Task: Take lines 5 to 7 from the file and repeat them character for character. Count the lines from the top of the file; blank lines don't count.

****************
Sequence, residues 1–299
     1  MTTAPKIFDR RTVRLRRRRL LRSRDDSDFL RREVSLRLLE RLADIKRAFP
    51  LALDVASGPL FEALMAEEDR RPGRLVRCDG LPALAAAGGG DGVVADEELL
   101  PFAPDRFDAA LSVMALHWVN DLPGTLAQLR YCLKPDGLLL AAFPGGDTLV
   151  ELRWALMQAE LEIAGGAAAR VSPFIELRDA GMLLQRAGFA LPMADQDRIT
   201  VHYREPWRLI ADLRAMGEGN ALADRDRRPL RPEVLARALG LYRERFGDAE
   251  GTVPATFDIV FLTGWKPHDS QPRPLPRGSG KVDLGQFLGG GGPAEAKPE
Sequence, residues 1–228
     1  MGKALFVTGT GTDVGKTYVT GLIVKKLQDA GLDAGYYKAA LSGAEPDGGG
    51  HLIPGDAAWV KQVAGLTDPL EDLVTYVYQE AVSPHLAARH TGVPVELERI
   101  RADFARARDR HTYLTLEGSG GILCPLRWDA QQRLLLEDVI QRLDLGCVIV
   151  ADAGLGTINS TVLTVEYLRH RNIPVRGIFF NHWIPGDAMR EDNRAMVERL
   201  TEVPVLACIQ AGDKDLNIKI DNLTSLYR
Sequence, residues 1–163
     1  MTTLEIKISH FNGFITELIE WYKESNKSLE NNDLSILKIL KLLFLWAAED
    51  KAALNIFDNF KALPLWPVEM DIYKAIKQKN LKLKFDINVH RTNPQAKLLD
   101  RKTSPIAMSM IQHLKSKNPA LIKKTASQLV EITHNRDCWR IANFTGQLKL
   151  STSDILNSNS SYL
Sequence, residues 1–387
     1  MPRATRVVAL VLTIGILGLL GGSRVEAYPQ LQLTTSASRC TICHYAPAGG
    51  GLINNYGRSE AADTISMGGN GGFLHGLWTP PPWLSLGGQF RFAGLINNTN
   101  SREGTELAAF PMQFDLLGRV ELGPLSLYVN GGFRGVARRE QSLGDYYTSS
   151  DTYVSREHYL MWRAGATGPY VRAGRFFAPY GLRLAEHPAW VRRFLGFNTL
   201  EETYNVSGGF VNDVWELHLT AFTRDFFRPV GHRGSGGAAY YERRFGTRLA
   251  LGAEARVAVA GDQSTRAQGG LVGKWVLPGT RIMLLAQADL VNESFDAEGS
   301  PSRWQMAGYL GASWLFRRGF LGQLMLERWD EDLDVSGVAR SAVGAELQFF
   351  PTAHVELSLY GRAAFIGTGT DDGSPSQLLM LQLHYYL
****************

   151  ELRWALMQAE LEIAGGAAAR VSPFIELRDA GMLLQRAGFA LPMADQDRIT
   201  VHYREPWRLI ADLRAMGEGN ALADRDRRPL RPEVLARALG LYRERFGDAE
   251  GTVPATFDIV FLTGWKPHDS QPRPLPRGSG KVDLGQFLGG GGPAEAKPE